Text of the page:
Child of God

by Cormac McCarthy


This is one that will stay with you for a little bit. It’s a simple little book and a very quick read, but it’s loaded with enough poetry, metaphor and imagery to keep you thinking for a while. I’m not normally a fan of really episodic narratives; they’re too choppy and I can’t get a good rhythm with the story or characters. But this one worked for me, and each short section is almost like a biblical chapter. . . it may not be occurring with the same characters or at the same time, but it’s all related to the whole.

It didn’t quite live up to the hopes I raised after the first half of the book, I imagine because its episodic nature did not allow for too much climactic trajectory. It was interesting because I read the book on a recommendation from a friend before reading the jacket description, so I had no idea what it was about. When I read the back cover, I was surprised to see the story described as quite sequential and linear, discussing an escalation in Ballard’s antisocial behavior (SPOILER. . . . . . . .) and implying that he only committed his crimes because he was falsely accused of rape.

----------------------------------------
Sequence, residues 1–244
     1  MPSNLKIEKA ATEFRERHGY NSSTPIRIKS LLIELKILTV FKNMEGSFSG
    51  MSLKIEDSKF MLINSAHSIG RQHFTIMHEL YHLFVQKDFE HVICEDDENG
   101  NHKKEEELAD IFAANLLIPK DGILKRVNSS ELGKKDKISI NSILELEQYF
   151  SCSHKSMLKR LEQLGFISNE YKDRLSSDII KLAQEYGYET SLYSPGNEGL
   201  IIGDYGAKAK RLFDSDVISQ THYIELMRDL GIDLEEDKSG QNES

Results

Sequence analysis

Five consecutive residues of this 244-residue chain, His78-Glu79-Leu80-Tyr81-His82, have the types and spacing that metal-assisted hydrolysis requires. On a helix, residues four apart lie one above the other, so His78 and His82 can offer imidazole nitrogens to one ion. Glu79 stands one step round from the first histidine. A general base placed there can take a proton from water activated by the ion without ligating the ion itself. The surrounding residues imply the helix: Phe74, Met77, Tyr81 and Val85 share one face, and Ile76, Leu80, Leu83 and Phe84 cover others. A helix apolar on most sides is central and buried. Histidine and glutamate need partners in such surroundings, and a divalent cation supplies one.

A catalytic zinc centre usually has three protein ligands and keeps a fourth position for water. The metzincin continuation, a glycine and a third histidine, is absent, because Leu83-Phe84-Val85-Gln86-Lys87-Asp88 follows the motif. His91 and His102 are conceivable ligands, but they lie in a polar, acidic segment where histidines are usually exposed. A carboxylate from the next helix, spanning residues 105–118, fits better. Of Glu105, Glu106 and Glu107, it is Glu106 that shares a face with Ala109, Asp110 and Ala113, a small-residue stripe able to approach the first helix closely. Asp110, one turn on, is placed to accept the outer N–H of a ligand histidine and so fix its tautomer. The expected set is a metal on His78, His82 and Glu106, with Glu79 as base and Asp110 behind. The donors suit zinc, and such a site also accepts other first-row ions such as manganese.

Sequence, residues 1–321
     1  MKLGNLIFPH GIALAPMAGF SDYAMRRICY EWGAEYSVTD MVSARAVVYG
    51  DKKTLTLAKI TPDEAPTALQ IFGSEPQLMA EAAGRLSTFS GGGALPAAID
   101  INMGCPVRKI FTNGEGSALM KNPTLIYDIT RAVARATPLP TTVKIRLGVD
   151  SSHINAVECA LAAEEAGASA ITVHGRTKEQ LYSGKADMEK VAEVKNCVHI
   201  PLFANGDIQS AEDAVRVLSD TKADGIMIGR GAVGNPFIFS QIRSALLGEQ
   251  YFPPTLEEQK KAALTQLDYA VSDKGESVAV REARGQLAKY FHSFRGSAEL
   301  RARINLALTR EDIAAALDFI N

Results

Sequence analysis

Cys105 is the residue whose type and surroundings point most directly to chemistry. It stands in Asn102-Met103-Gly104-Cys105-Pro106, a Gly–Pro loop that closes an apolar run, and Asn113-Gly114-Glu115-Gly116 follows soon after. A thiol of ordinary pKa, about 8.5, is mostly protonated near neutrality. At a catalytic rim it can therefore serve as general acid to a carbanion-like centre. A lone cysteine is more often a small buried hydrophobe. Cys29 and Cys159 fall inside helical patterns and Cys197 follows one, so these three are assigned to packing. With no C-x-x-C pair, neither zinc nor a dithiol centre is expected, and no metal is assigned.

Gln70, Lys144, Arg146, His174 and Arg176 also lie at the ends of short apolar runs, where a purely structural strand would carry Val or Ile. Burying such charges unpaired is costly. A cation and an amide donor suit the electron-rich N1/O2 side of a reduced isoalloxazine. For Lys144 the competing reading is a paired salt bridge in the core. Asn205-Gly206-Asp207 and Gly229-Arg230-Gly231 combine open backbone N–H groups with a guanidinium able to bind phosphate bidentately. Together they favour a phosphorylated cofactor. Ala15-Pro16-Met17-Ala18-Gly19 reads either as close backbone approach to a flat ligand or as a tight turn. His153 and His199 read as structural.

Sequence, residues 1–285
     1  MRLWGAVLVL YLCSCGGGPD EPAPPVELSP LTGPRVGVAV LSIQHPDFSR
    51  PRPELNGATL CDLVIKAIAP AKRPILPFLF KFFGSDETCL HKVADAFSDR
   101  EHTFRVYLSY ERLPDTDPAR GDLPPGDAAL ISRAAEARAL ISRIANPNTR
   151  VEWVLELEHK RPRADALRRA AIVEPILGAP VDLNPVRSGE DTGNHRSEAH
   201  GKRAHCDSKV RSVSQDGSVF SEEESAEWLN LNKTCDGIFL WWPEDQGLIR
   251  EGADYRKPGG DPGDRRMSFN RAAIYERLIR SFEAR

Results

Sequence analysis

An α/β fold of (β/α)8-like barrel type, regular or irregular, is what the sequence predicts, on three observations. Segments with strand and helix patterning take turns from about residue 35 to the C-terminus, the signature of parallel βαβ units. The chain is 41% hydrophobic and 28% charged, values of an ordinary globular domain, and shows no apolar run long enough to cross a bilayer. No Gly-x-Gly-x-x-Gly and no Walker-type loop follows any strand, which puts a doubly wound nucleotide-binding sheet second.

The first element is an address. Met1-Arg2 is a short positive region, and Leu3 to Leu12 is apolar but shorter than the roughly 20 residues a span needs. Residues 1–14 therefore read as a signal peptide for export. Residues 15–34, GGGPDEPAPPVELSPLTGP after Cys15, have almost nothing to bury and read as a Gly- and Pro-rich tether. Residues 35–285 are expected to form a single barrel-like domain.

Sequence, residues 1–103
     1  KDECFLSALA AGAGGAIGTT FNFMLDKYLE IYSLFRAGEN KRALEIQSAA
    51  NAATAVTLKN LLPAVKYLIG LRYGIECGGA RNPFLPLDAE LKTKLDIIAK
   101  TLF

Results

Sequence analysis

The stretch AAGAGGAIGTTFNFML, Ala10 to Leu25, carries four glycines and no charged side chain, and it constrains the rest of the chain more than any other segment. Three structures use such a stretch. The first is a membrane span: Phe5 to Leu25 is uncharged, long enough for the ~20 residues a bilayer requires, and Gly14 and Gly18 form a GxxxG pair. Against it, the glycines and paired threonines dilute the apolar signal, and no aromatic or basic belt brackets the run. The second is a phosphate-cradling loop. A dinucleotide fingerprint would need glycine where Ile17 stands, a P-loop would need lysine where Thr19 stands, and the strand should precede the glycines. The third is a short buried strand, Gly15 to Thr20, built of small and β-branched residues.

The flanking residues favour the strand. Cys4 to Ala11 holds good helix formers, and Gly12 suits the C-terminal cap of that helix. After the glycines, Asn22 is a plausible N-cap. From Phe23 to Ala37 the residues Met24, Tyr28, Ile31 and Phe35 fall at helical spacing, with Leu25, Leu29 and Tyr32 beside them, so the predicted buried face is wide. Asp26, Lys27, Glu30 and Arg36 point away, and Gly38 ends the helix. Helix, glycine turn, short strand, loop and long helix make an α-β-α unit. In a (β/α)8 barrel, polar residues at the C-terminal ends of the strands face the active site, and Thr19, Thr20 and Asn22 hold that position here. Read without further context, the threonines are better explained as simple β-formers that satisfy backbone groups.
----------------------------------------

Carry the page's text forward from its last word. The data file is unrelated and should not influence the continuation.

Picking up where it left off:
The impression from my actual reading was much different and less concrete, really just of Lester sort of floating through his existence, being completely outcast and bitterly living down to his community’s worst expectations, each misanthropic episode connected to the last only insofar as they were all actions of an extremely sick mind. In other words, McCarthy’s structuring doesn’t lend itself toward a causal interpretation of Ballard’s behavior — he seems to me to be a man who was always destined to commit horrific acts, false accusation or no. (It’s possible that I just wasn’t paying close enough attention as I really don’t have enough free time these days to be reading somebody as rich as McCarthy.)

Anyway, I’m no expert and can’t confidently contradict the “official description,” all I can do is offer my impressions. This was my 4th McCarthy novel, and I liked it better than Outer Dark but not as well as The Road or No Country for Old Men (shamefully typical, I know). My main problem with it is that the ending wasn’t sufficiently impactful, I believe mostly because I felt little connection with Lester.

But it almost goes without saying that I continue to marvel at McCarthy’s command of dialogue, tone and grammar, in addition to several laugh-out-loud scenes (the story of the oxen and the fire is probably my favorite). I was also thankful to find in this book that he greatly reduced the pretentious fancy-word-flaunting of Outer.

And he’s still my favorite living author!

Original Review


Leave a Reply

Fill in your details below or click an icon to log in: Logo

You are commenting using your account. Log Out /  Change )

Google+ photo

You are commenting using your Google+ account. Log Out /  Change )

Twitter picture

You are commenting using your Twitter account. Log Out /  Change )

Facebook photo

You are commenting using your Facebook account. Log Out /  Change )


Connecting to %s

%d bloggers like this: